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Is God a harsh, punishing judge?

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Let’s go back to Scripture to make sure we have the right image of our Creator.

An all-too-frequent image of God is that of God as a judge. In order to avoid any misunderstandings, it is better to clarify immediately: it’s true, God is a judge (among other things), and we find this statement in Holy Scripture. So, what’s the problem? 

Generally speaking, the main problem is that we apply to God our way of understanding and thinking about justice. For us, justice means above all that “if you make a mistake, you pay.” Guilt is established in a courtroom by a judge who verifies in detail what faults were committed and who is responsible.

This idea is too limited and incomplete with respect to God’s justice, because it’s limited to asking the guilty party to pay for the damage caused. But, is God’s justice really like that? 

The Bible shows us that God’s justice goes beyond that. As Pope Francis has often reminded us, God’s justice is mercy: He doesn’t want you to pay because you’re guilty—He wants to make you just, and free you from guilt, so that you don’t have to pay your debts! It’s a complete reversal of perspective, which is still too uncommon in our churches. With mercy, God defeats the evil that besieges you, i.e. “does justice for you.” We always have the idea that we must repair the error in God’s sight; in reality, when we fall into the web of evil, God is moved and suffers for us, and it is He Himself who intervenes on our behalf “doing justice,” that is, freeing us from imprisonment and slavery. His justice isn’t the simple application of the law (“if you make mistakes, you pay”); it’s the mercy with which He transforms us, making us new creatures. 

Unfortunately, many Christians have instead an image of God that resembles that of a severe and ruthless judge who is only interested in identifying our faults and punishing us if we’re guilty. 

This image of God is inculcated, sometimes unwittingly, especially through misguided religious education received during childhood. Sometimes, unfortunately, in an attempt to educate, reproach or correct, there’s too much emphasis on God’s punishment or on the fact that “God sees everything” and “Jesus is offended” by what we do. Many children, even today, grow up with the idea that they must be perfectly good and can never make mistakes. If this concept of God becomes deep-seated and isn’t corrected by good evangelization, it can easily lead to an unhealthy scrupulosity and unrealistic perfectionism: God doesn’t tolerate me making any mistakes.

In various spiritual conversations, I’ve found that many people come to me seemingly exhausted and inwardly broken.

In various spiritual conversations, I’ve found that many people come to me seemingly exhausted and inwardly broken. Beyond some “external” reasons, the problem is that they constantly put themselves under pressure to give better and better results in other people’s eyes. They often had very demanding parents for whom they always had to demonstrate excellent performance in order to get any attention. They grew up with a fear of making mistakes and with feelings of guilt in the face of their own failings.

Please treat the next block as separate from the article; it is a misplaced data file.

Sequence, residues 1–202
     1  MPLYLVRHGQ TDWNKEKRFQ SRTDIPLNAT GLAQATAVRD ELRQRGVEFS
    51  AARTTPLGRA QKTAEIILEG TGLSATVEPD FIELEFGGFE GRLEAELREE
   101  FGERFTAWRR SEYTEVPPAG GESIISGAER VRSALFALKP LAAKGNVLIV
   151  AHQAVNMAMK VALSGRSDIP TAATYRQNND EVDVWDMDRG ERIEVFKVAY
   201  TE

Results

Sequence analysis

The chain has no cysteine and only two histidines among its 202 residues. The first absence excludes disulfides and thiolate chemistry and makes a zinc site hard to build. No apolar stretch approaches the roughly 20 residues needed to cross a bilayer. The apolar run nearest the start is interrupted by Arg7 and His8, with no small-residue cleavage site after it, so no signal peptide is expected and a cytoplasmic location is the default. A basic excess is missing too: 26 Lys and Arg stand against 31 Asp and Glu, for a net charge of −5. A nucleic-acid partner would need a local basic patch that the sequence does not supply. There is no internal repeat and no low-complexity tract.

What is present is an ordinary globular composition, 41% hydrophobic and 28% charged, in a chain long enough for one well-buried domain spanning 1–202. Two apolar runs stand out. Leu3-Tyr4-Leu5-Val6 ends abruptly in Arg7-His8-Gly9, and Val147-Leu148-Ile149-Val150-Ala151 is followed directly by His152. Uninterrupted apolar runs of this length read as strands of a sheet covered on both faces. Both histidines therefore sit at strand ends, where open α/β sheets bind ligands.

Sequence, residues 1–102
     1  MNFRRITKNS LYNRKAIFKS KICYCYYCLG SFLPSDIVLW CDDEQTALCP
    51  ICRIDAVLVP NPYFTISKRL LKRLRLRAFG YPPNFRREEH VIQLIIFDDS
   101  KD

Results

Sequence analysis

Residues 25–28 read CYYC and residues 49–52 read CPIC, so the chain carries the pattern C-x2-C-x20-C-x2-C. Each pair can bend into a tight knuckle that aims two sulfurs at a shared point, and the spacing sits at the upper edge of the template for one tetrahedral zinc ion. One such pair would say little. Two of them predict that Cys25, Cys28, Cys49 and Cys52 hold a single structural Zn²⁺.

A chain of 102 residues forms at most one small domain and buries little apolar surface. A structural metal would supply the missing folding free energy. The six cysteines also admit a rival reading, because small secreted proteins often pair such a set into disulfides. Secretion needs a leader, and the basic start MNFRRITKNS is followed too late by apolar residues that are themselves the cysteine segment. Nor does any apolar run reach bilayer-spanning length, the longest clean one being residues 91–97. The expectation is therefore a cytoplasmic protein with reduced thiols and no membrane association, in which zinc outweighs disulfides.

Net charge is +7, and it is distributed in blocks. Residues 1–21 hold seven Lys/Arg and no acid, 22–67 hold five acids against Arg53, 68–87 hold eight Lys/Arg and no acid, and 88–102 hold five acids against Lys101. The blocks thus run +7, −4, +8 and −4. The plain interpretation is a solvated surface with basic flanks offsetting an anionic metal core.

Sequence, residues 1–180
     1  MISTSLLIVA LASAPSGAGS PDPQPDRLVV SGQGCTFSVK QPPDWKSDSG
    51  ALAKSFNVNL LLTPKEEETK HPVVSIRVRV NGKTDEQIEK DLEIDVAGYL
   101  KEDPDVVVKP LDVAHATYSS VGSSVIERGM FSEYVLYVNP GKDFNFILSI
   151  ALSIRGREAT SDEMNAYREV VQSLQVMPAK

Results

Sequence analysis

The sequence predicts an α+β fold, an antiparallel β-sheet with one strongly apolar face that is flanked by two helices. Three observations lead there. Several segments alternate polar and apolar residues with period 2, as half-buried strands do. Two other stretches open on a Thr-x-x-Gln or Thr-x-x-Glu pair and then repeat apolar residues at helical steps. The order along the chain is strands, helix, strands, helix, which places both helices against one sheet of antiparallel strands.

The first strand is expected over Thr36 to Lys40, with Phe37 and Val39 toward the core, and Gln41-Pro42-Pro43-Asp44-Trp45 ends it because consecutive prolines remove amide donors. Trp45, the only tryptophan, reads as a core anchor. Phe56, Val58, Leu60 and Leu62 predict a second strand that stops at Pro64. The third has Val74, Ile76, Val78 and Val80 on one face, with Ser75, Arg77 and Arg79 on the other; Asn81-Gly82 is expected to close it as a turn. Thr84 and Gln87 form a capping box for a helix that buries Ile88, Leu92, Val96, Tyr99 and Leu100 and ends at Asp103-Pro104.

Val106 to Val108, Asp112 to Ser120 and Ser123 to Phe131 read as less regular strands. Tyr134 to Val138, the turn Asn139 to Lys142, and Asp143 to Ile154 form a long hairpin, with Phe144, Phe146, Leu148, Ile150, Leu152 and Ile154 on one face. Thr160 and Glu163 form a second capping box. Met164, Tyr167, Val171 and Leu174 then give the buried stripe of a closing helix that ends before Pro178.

Given this starting point, God became for them a judge before whom they had to prove their innocence and their worth every day, in order not to face the threat of punishment. People who have this image of God easily become rigid, perfectionist, and hard on themselves, often sinking into guilt and scruples. 

By returning to the Word of God we can find a way to renew our spirituality and free it from a misunderstood fear of God, so as to rebuild confidence in ourselves, even in the midst of our experiences of failure.

The burning bush before which Moses stands, for example, is an arid place where, despite the barrenness, God’s presence burns. It represents that aspect or situation of our lives which has become dry and withered away, yet in that failure, God is at work with the fire of His presence. In my weakness, God shines forth. I can accept my faults and errors without identifying myself with them and without being terrified of God: my value doesn’t depend on my own successes or failures, but on the fact that God’s presence burns in the dry bush of my life. 

In the parable of the Merciful Father, Jesus shows us that God isn’t a despot to be feared or a judge before whom we must make reparation for the damage we’ve done; He is the Father of every lost child, and He loves unconditionally. While the youngest son reasons according to a human justice—that is, “I can only be readmitted to the Father’s house by apologizing and making reparation for the evil I’ve committed”—God, instead, scans the horizon from afar and, when He sees His son, runs to embrace him without waiting for an apology and without demanding that he pay for what he’s done. 

Faced with the love of God, manifested by Jesus and the Gospel, we realize that a God who is harsh and points his finger at us doesn’t exist. Or, if he does exist, he isn’t Christian. 

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